3) Immigration trends

  • Export of neoliberal policies to Global South in 1980s
  • UK became country of net immigration in 1980s
  • Rate of immigration began to rise markedly in mid-1990s
london and migrant labour
London and migrant labour
  • London as a particular destination for migrants – by 2001, 42% of migrants settled in London (Spence 2005)
  • By 2006, 31% of city’s population and 35% of working age population were foreign born (Spence 2005)
  • Attempts to manage this migration through the adoption of managed migration policies and a points based system
immigration reform
Immigration reform
  • Points based system reflects3 key immigration priorities:
    • Cherry picking of highly skilled migrants from global market
    • Clamping down on ‘bogus’ asylum seekers and irregular migration
    • Expansion of European migration over and above migration from Global South
  • Hierarchy of rights among migrant workers

Who are low paid migrant workers?

  • Recent arrivals

One-half arrived in the UK in or after 2001

Over one-third (36%) migrated to UK between 1991- 2000

  • Super-diversity: migrants came from 63 countries with significant numbers coming from Africa (Nigeria, Ghana), Latin America/the Caribbean (Colombia, Brazil, Jamaica)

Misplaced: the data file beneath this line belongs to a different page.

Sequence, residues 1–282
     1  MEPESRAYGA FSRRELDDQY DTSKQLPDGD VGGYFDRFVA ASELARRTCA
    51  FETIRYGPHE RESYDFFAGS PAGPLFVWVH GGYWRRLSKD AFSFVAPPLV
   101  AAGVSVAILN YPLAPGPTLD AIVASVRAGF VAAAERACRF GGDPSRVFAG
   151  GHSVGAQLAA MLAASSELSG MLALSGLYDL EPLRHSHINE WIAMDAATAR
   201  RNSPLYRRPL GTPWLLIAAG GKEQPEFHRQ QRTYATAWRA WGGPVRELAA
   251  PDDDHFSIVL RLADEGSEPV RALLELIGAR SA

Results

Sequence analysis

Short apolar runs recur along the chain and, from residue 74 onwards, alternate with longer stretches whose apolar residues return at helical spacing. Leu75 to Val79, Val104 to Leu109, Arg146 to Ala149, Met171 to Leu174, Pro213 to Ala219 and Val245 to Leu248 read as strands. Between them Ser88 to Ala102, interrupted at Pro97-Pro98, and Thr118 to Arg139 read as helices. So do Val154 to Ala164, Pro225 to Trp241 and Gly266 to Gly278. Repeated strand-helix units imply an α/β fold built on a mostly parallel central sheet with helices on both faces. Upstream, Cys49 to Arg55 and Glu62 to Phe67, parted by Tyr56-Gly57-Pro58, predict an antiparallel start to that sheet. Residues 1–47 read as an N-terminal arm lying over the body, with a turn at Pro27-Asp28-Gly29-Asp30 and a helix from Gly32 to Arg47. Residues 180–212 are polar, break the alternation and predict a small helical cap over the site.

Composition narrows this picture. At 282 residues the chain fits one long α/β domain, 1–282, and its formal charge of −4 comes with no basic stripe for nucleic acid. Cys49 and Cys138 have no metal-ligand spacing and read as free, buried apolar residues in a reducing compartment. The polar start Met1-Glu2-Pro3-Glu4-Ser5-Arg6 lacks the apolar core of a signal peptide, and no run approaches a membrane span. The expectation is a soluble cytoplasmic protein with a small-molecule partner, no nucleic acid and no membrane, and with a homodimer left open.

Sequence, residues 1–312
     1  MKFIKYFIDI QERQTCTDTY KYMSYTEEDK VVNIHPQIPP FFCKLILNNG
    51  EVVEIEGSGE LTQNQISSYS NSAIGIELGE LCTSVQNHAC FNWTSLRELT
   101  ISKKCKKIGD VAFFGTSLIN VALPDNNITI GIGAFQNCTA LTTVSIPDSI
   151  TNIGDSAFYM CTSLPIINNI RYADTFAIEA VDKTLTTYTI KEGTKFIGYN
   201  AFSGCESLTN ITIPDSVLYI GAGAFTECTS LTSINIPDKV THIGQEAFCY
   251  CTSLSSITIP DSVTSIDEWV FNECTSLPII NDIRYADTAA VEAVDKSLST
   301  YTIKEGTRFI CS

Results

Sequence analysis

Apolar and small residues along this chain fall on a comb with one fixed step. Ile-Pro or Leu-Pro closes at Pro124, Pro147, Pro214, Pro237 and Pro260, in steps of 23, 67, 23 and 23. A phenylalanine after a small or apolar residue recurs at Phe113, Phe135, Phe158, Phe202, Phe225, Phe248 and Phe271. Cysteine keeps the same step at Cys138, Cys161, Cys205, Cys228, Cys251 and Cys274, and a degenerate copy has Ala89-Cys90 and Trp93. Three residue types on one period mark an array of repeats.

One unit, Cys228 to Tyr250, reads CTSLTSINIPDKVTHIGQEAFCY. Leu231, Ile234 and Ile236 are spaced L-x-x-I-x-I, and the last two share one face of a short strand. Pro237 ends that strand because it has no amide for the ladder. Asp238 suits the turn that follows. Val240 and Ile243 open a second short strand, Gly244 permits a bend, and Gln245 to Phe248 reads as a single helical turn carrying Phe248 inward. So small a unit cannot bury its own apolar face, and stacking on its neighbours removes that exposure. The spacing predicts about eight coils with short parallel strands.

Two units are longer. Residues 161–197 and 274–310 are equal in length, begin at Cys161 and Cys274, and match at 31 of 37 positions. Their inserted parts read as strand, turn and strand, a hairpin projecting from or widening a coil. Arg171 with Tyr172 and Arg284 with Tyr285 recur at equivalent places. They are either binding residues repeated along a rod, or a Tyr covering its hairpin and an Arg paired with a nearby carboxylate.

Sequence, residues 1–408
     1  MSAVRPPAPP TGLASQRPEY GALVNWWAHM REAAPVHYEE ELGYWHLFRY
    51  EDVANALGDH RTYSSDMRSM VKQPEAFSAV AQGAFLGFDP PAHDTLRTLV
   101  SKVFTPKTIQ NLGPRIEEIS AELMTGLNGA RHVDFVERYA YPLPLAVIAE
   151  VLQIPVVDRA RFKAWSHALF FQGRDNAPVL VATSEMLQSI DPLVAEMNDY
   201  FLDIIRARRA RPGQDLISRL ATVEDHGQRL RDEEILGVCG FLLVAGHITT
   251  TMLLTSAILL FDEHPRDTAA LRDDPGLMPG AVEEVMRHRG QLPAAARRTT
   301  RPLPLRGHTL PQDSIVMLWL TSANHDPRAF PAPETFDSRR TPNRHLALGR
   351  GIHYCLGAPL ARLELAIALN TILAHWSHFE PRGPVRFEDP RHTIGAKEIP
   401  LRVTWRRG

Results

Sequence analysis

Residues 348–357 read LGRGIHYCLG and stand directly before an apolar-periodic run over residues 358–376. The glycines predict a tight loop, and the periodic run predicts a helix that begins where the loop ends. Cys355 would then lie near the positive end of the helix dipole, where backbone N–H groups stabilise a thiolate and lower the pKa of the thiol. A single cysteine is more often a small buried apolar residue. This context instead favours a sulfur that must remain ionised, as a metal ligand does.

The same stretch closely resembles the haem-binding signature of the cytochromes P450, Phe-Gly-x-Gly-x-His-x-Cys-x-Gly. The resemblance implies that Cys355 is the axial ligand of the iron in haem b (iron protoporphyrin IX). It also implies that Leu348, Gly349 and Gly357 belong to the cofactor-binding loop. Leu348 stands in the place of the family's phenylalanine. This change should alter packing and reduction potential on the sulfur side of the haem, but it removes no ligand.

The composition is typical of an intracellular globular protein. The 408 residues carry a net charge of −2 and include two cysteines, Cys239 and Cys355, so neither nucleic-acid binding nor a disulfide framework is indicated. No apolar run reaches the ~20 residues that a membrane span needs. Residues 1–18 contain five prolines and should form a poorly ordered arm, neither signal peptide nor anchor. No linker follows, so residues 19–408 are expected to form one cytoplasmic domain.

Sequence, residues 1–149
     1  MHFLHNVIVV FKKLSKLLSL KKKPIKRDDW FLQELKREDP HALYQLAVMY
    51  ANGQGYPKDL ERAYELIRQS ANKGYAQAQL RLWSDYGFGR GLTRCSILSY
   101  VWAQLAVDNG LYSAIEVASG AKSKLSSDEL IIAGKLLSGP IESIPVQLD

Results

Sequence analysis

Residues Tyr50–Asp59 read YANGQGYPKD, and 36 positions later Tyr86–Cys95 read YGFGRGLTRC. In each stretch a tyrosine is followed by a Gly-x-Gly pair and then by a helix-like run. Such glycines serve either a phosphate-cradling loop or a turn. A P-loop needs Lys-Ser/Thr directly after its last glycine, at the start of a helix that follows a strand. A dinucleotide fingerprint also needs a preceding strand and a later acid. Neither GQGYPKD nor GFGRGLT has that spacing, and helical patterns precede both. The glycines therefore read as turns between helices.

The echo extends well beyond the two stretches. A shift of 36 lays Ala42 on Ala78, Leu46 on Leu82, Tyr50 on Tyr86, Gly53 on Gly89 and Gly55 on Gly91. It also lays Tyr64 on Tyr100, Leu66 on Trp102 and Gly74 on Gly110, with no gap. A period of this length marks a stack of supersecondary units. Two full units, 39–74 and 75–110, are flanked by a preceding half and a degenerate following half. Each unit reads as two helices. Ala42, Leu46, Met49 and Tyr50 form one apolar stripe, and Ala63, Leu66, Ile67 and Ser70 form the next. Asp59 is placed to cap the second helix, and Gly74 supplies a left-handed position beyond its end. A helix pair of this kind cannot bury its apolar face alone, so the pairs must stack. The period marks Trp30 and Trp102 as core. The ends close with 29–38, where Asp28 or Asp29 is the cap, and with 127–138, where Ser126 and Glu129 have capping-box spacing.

Asia (Sri Lanka) and Eastern Europe (Bulgaria, Poland, Lithuania)


Migrant division of labour interplays with gender and racial division of labour¾ of cleaners on the Underground: Black Africans¼ of office cleaners: Latin Americaover ¼ of workers in hospitality: Eastern EuropeMost workers in construction: Brazilians and PolesWomen predominantly employed in ‘semi-private’ spheres (care and hospitality), men in ‘semi-public’ spaces (construction)

Managers and supervisors reinforce clustering (and stereotyping) by recruiting within their own ethnic groups: Carlos, a cleaner from Honduras, reported that his Bolivian supervisor only employed Latin Americans Barbara, a care worker from St Lucia reported her Ghanaian manager preferred to employ Ghanaians
low paid work from the perspective of migrant workers
Low paid work from the perspective of migrant workers
  • Migrant workers concerned about low rates of pay, poor conditions of work, a lack of respect and dignity at work and divided workplaces
  • Pay – majority earned the NMW (£4.85 at the time of the survey)

Average earnings of £5.45/hr

More than 90% earned below the London Living Wage (£6.70 per hour)

Poor conditions of work –

- One half no annual pay rise

- One third never had pay rise

- Half lost pay for taking time off for emergencies

- Over half (52%) did not receive sick pay

- Two thirds (67%) received statutory minimum paid

annual leave (20 days inc bank holidays or fewer days)

- Over two thirds (70%) had no access to company

pension scheme

- Over half (55%) worked unsociable hours

Lack of respect and dignity

“many people think that we immigrants are used to cleaning in our country but there are many immigrants who were solicitors, accountants, and in different professions. We are not just worth nothing, we have some value.” (Pedro, office cleaner from Brazil)